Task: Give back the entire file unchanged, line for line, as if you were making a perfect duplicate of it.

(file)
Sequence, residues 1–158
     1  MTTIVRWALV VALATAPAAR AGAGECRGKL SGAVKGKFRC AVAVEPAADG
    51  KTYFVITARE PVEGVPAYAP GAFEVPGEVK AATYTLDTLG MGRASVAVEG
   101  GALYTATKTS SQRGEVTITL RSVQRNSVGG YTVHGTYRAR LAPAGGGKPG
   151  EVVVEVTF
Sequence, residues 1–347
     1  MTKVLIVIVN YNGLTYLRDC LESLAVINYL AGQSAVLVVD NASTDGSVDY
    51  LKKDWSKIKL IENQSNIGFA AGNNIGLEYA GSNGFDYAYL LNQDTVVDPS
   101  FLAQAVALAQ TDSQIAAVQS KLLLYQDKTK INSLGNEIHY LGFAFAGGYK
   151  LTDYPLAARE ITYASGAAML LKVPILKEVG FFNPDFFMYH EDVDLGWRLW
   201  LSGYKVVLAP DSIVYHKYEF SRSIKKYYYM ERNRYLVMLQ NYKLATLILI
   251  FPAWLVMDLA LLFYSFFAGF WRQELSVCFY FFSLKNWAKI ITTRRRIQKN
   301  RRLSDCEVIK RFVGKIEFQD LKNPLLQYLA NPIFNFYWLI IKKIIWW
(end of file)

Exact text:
Sequence, residues 1–158
     1  MTTIVRWALV VALATAPAAR AGAGECRGKL SGAVKGKFRC AVAVEPAADG
    51  KTYFVITARE PVEGVPAYAP GAFEVPGEVK AATYTLDTLG MGRASVAVEG
   101  GALYTATKTS SQRGEVTITL RSVQRNSVGG YTVHGTYRAR LAPAGGGKPG
   151  EVVVEVTF
Sequence, residues 1–347
     1  MTKVLIVIVN YNGLTYLRDC LESLAVINYL AGQSAVLVVD NASTDGSVDY
    51  LKKDWSKIKL IENQSNIGFA AGNNIGLEYA GSNGFDYAYL LNQDTVVDPS
   101  FLAQAVALAQ TDSQIAAVQS KLLLYQDKTK INSLGNEIHY LGFAFAGGYK
   151  LTDYPLAARE ITYASGAAML LKVPILKEVG FFNPDFFMYH EDVDLGWRLW
   201  LSGYKVVLAP DSIVYHKYEF SRSIKKYYYM ERNRYLVMLQ NYKLATLILI
   251  FPAWLVMDLA LLFYSFFAGF WRQELSVCFY FFSLKNWAKI ITTRRRIQKN
   301  RRLSDCEVIK RFVGKIEFQD LKNPLLQYLA NPIFNFYWLI IKKIIWW